Over the last month or so, I’ve come to embrace my home server setup and how powerful it can be. Here I have this small little Intel NUC Server, for which I promised myself I would do lots of cool and interesting things with. The first thing I’ve hosted is Plex. I’ve used Docker Compose to bring up a Plex Docker container, with: Filebot (to tag video files) Beets (to tag audio files) Transmission (to download files) Webhook (receives incoming web requests) The way it works is this:
If only we had such sense here in Ireland, we can’t meet our commitments and it will hurt the economy in the long run not to go nuclear. The ESB has said “sometime in the 2030’s we will need to look at it” - why not look at it now? These projects take 10-15 years at least to implement properly.
It’s been 10 years since the anniversary of 9/11 and much of the world has changed a lot in that period. We’ve had full body scanners at airports, marshalls on flights, bombs hidden in toner cartridges and two wars. I reflected on this and remembered two really good articles I’ll share here on the topic. Hopefully we’ve changed for the better. Yesterday I finally wrote something that’s been bothering me for about ten years: The fact that Al Qaeda can’t be as big and bad as it’s made out to be, because its whole design violates every rule of guerrilla organisation.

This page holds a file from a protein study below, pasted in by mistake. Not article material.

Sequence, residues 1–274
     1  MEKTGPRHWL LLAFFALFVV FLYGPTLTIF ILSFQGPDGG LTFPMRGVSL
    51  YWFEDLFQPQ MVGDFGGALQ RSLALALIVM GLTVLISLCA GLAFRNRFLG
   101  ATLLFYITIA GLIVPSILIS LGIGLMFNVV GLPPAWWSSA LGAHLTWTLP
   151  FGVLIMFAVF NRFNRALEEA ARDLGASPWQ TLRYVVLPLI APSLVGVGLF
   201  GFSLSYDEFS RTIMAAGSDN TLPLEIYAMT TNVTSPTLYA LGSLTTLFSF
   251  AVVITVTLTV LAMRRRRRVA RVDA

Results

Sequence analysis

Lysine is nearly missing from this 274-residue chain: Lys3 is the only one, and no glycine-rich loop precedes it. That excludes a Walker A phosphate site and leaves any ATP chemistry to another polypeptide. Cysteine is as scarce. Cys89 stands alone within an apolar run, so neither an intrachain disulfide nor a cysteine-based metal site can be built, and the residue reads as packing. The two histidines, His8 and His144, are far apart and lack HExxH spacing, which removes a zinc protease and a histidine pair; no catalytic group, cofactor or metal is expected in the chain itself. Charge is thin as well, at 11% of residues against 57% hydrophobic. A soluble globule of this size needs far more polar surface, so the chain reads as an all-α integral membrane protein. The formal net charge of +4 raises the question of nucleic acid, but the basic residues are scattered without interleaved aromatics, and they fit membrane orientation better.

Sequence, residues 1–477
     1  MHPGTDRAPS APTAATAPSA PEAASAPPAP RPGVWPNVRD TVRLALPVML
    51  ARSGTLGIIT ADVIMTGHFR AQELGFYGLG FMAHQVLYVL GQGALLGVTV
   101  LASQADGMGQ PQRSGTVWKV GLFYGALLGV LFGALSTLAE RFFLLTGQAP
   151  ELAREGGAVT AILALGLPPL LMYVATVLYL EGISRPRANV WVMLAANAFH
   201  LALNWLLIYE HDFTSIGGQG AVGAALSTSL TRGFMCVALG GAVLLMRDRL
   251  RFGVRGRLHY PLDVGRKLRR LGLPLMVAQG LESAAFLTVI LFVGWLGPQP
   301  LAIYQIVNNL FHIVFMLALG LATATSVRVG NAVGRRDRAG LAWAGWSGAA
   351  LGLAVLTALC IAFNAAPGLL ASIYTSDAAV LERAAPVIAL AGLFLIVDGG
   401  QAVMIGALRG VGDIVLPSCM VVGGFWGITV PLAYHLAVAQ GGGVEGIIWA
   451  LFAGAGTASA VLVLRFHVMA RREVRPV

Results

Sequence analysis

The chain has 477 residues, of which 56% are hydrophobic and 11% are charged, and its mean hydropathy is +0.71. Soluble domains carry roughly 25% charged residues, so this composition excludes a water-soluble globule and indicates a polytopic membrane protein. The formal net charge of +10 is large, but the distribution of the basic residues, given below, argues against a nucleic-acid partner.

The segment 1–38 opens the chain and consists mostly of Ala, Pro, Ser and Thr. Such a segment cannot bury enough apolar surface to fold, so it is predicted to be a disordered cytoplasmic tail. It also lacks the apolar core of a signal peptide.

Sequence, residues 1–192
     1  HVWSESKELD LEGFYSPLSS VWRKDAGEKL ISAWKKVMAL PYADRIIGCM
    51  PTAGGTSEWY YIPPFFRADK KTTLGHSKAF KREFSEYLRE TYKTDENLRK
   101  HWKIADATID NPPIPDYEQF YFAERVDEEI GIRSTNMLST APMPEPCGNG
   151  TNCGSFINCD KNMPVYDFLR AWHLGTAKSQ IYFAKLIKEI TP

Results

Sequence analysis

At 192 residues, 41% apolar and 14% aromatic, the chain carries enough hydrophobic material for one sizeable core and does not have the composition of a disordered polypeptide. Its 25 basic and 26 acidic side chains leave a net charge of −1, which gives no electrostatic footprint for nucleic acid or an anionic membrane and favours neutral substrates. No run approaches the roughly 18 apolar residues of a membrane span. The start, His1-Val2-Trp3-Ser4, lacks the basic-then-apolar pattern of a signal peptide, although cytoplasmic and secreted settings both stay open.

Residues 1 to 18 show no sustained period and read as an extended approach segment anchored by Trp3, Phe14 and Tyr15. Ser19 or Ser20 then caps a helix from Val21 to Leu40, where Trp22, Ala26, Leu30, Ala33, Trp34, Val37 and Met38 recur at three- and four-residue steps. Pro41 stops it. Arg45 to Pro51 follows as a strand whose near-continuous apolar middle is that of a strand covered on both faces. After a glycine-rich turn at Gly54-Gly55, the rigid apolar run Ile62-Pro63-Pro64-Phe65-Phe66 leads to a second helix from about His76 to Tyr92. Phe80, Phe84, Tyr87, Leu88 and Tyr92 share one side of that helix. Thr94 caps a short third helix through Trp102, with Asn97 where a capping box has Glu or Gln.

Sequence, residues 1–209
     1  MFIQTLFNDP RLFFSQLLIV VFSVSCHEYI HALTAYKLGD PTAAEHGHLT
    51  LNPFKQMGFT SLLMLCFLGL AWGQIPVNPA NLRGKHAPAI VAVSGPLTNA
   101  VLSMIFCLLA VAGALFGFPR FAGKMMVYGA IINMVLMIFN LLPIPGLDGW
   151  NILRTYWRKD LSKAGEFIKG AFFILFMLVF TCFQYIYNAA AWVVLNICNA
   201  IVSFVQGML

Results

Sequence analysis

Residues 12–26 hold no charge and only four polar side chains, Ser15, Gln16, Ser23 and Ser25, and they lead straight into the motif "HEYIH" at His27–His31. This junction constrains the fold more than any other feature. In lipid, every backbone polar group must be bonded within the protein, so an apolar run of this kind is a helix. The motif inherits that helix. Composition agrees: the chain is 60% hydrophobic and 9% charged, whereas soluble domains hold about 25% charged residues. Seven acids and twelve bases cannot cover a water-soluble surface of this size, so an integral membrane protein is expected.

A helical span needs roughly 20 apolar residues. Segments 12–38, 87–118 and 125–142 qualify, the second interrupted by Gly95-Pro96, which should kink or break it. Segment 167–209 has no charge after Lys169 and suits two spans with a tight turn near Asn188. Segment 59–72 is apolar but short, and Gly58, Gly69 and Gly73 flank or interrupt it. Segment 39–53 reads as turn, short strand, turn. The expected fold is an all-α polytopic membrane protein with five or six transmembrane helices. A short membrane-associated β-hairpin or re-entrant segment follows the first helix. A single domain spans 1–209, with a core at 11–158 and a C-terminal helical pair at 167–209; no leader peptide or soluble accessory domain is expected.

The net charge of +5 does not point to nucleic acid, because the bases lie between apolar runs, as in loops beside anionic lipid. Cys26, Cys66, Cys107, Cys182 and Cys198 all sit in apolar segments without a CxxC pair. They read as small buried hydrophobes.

I come into contact everyday with people asking how to fix their machines due to the inevitable spyware and viruses found on a Windows machine. Lately I have been switching people to Ubuntu, and even getting them to buy machines to install it on (Dell). But I understand and have no zealotry for Linux when it comes to fixing peoples' real world problems. I always mention Ubuntu as a matter of course, and also Macs.
Tor, (or The Onion Router) is a service which connects people all over the world with one aim: privacy. Tor protects from traffic analysis, basically where you have been. Benn to you Banks website? Feel like buying something off Amazon or Ebay? Your behaviour online is by no means private, you hand over your numerical address, browser details, country, city, versions of which plugins you use, where you came from, just to name a few.
Welcome to the new and improved Duey Finsters. As I mentioned before, I hope to receive a Nokia 770 Internet Tablet soon, so I will be checking the free wireless services offered by Eircom in Dublin and at McDonalds restaurants. You may have noticed the new look and this revamped blog. You may also question where has Duey Finsters Web Services gone? It is still here, but me and Thomas Whelan, who run it, cannot decide on a name.